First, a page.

The confectionery industry continues to boom in the U.S. A recent study found that 2023 Easter candy sales exceeded projections, with Americans spending $3.3 billion on Easter candy alone. And Easter isn’t the only holiday to boost confectionery sales. Valentine’s Day saw consumers projected to spend an average of $16 on chocolates and candy — up from under $9 per person in 2010 — while Halloween candy sales reached a record $3.1 billion in 2022.
While the confectionery segment may be on the rise, so too are the industry’s mounting packaging waste issues. Plastic packaging continues to dominate the confectionery industry despite warnings that only 5% of U.S. plastic waste is being recycled, making it one of the most wasteful materials on the market.
In addition to plastic’s recycling problem, many candy brands rely on mixed materials for their barrier properties and to elongate the shelf life of their products. This further complicates how consumers can sustainably dispose of candy wrappers and packaged products.
To better tackle confectionery’s big waste problem, some of the biggest brands in the U.S. are beginning to revise their approach to packaging and explore the latest sustainable trends. However, there are certainly hurdles brands face when exploring alternative packaging solutions.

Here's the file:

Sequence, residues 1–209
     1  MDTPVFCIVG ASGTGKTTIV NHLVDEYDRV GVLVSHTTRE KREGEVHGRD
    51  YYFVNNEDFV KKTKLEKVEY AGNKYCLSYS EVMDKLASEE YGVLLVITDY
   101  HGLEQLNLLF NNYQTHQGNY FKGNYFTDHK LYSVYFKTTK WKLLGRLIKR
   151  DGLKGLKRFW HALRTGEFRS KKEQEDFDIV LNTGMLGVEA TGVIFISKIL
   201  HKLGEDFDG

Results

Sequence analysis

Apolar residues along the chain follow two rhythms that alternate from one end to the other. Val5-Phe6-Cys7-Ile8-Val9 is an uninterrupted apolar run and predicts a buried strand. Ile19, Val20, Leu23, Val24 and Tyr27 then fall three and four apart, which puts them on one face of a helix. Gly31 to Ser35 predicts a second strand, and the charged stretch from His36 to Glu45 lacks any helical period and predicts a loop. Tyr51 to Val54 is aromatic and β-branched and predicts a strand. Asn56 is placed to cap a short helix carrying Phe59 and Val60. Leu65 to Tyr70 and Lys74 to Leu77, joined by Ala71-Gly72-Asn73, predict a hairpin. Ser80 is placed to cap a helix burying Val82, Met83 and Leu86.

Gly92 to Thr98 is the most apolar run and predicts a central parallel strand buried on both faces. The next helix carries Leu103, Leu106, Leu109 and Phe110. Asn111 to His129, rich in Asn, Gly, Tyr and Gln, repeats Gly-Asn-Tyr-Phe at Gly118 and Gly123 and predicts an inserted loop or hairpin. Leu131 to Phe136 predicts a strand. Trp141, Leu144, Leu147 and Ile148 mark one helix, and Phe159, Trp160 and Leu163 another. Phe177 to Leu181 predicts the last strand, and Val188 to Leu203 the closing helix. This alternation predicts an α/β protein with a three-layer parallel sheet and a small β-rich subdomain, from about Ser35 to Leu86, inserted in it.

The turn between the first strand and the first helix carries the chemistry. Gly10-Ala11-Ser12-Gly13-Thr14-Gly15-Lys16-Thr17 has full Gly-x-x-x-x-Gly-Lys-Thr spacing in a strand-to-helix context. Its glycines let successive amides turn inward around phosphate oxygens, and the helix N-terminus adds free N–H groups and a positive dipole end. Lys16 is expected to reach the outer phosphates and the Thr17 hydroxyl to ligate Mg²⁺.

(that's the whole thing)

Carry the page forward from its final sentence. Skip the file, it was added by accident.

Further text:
Candy brands like Skittles have recently switched to biodegradable packaging, but is this really an effective alternative to traditional plastic wrappers?
While biodegradable packaging offers a promising solution to reduce the amount of waste generated by traditional packaging materials, there are issues that need to be addressed. In the U.S., there is no federal legislation on biodegradable claims. The FTC offers guidelines, but no laws and only a few U.S. states legislate the term.
However, the silver lining is that legislative progress is happening, especially on recyclability terms. For example, in 2021, California passed a new bill with its AB 1201 passage creating a requirement that compostable products must be certified by third-party organizations like the Biodegradable Products Institute (BPI). The bill also prohibits the use of misleading terms like “biodegradable,” “degradable” and “decomposable” on plastic products. Big changes like these suggest that a focus on compostable and biodegradable claims will likely follow soon.